Humans feel pain and loss in different ways, and for reasons that are not all the same.
When a loved one dies we all gather around, bringing our empathies with us for comfort. When a pet passes, those who have enjoyed the devotion of an animal share each other’s grief.
Part of what binds us to each other is as much how we cope with the end of living as we do its beginnings.
I am a childless woman. Beyond the age of conceiving, although having spent the majority of my years in the service of young people as teacher, my body is no longer able to generate life. However, I do feel and give love towards all living things. But, because animals usually die before their masters do, and because I have endured the departure of both of my parents, I have opted to raise that which grows in the ground, instead.
Yes; I am a small time, untrained gardener.
Roses were my first love. The large, cabbage blush yellows filled the front porch stairwell with as many as thirty three blossoms every June. I let them reach for the sky, each spring, ignorant of the need for maintenance pruning until the first of a series of harsh winters chose to break one of their sturdy trunks. What was once a flourishing sight was reduced to a fledgling, fighting for life. Now, every time that blush yellow manages even two or three blooms, I am succoured, thankful for Providential forgiveness.
Next came the pinks. These enjoyed their central stage on the front yard, and soon filled out majestically to supplant the blush yellow’s original grandeur. Two winters ago, this bush also seemed vanquished until, having learned my lesson the hard way, I consulted a gardening specialist and obtained the encouraging words that, cutting its branches back, its roots would send forth renewing shoots. My delight at the sight of those first tufts emerging from dry, grey death could hardly be described.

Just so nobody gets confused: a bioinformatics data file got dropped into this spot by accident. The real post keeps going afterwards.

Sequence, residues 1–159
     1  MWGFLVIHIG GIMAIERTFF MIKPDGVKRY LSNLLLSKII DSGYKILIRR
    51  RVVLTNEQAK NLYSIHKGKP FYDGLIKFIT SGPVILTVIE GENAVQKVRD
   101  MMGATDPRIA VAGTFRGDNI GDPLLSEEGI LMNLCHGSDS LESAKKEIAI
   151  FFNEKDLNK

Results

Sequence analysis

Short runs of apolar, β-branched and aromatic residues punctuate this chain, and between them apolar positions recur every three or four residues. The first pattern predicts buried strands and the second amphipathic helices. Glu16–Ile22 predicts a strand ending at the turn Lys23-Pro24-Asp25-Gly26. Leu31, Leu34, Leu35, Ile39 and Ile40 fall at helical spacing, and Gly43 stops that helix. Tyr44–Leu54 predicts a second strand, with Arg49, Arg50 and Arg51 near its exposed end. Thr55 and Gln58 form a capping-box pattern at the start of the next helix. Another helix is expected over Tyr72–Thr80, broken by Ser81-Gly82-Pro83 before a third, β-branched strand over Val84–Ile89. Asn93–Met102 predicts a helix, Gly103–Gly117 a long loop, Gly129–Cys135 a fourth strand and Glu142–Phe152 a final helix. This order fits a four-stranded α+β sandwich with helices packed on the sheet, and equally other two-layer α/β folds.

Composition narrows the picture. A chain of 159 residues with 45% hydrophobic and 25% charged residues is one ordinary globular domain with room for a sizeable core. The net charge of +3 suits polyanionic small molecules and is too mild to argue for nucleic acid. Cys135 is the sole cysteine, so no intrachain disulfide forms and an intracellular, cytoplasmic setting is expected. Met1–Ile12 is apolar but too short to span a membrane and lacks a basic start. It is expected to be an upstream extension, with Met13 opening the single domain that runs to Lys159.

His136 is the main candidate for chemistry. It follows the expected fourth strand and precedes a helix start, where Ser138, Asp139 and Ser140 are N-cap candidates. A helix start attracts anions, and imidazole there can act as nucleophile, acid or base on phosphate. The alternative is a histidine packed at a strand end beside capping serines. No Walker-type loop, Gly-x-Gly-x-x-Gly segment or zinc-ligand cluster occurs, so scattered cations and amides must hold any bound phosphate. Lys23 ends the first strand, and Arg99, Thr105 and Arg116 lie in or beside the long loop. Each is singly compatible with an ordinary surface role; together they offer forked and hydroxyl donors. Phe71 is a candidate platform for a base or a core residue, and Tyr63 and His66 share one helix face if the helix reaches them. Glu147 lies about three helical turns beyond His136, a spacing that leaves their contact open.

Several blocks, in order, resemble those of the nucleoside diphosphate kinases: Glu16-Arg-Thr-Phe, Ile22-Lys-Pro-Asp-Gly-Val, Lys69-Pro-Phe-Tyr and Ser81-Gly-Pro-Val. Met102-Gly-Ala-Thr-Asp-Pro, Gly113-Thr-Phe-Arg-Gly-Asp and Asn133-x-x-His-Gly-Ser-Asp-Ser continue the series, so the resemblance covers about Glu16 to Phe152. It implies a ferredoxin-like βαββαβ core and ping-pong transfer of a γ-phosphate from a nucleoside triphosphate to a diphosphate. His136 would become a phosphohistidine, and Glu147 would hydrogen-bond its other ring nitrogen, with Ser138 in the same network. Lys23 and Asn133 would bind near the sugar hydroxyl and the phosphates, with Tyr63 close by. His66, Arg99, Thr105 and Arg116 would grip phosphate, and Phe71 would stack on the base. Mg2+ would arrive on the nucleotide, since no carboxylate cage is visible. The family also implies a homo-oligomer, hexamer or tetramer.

But, my tropical. This one was the baby in the family. I had planted this intense, almost fluorescent orange-red in the back yard, just visible from the side entry. Perhaps it was the soil quality, or the heavy hedge overhang, but this bush always struggled a bit to produce. Maybe this is why I was always ecstatic when its blooms would finally appear. Never plentiful, they were, however, by far the most beautiful of all.
From roses I graduated to peonies and, then, giant poppies. These filled in the remaining front strip across the west facing porch. The bright orange a stand out against their blushing counterparts, these were among my true offspring, and I loved them.
Last week, I took a much needed break from routine and went on a short trip. This was the Memorial Day holiday, my best college friend was preparing to move from the East to the West coast, my godchild was slated to perform, and I had several reasons to spend time with these dear ones.
Before leaving, I secured the house and personal items, and had the yard mowed by two boys who had most recently become available in the neighborhood. Not lazy, I had been diagnosed with grass and pollen allergies years before, and had always resorted to hiring various ones to landscape for me. These brothers were reliable and eager, and seemed able to take my specific instructions regarding protection of the tender vegetation, particularly when they worked as a team.